However, “[l]andowners are relieved of the duty to warn of open and obvious dangers on their premises because it is not reasonably foreseeable that a visitor exercising (as the law presumes) reasonable care for his own safety would suffer injury from such blatant hazards.” O'Sullivan v. Shaw, 431 Mass. 201, 204, 211 (2000). “A danger is open and obvious if a reasonable man ‘exercising ordinary perception, intelligence, and judgment' would recognize the danger.” Murgo v. Home Depot USA, Inc., 190 F.Supp.2d 248, 251 (D. Mass. 2002) (quoting Gallant v. Indian Ranch, Inc., 2002 Mass.App. Div. 12 (Dist. Ct. 2001)). Speedway contends that the asphalt depression was an open and obvious hazard, but the Court on this record cannot say that this defect was open and obvious, thereby obviating the duty. Johnson testifies that when he tripped he stepped into a puddle, D. 43, ¶ 11, and on later inspection the same day of the accident Johnson felt a depression in the asphalt covered by the puddle, D. 43, ¶¶ 22-23. But unlike “clearly visible . . . . concentric grooves [] surround[ing]” a gas pump, Potvin, 2017 WL 3971096, at *6, or the danger of “div[ing] headfirst into the shallow end of the defendants' swimming pool, ” O'Sullivan, 431 Mass. at 207, the puddle's concealment of the depression could be found to have concealed the hazard. See Rainka v. Shing, 2000 Mass.App. Div. at 186 (explaining that “[k]nowledge of the condition is a predicate to what is open and obvious, ” and that knowledge is evaluated in the circumstances when the plaintiff was injured); Tetreault v. Dupuis, 351 Mass. 710, 710 (1967); Rossley v. S. S. Kresge Co., 339 Mass. 654, 656 (1959).[1]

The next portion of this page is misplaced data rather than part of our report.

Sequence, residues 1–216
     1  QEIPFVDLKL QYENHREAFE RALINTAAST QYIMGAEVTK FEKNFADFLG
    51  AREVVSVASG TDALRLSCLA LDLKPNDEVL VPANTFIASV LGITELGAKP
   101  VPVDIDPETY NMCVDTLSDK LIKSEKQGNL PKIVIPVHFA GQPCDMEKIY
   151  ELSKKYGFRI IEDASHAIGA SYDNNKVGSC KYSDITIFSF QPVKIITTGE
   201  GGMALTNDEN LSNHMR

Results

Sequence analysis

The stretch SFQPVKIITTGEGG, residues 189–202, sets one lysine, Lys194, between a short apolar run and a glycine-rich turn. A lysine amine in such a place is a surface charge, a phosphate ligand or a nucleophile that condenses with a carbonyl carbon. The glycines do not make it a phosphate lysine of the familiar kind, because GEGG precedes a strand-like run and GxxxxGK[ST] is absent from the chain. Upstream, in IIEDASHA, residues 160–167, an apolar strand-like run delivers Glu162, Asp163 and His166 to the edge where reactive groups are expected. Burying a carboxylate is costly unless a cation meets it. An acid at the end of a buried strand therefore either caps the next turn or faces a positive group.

The other cases upon which Speedway relies are also distinguishable. In Cranshaw v. Cumberland Farms, Inc., 613 F.Supp.2d 147, 149 (D. Mass. 2009), the plaintiff alleged a hazard caused by the design and maintenance of a parking lot and the resulting natural accumulation of ice. Id. However, in that case the court noted that its decision turned on the plaintiff's failure to offer any probative evidence beyond “his own affidavit and a series of photographs” that would “suggest[] that the puddles resulted from improper design, drainage or grading.” Id. at 149-50 (citing Reardon, 63 Mass.App.Ct. at 45). The court noted expert evidence[2] as an example of what may have strengthened the plaintiff's attempt to distinguish defective or unsafe conditions from otherwise normal asphalt depressions and resulting puddles. Id. In Wexler v. Stanetsky Memorial Chapel of Brookline, Inc., 2 Mass.App.Ct. 750, 751-52 (1975), the court determined that water tracked into a funeral home by intermittent guests was a transient condition that could be reasonably avoided by guests, and thus the defendant had not breached its duty. Id. However, in that case the court noted that the accumulation was minimal, and furthermore that the accumulation was not accentuated by any unusual condition of the wet floor. Id. In this case, Plaintiffs have offered evidence in support of their argument claiming the ...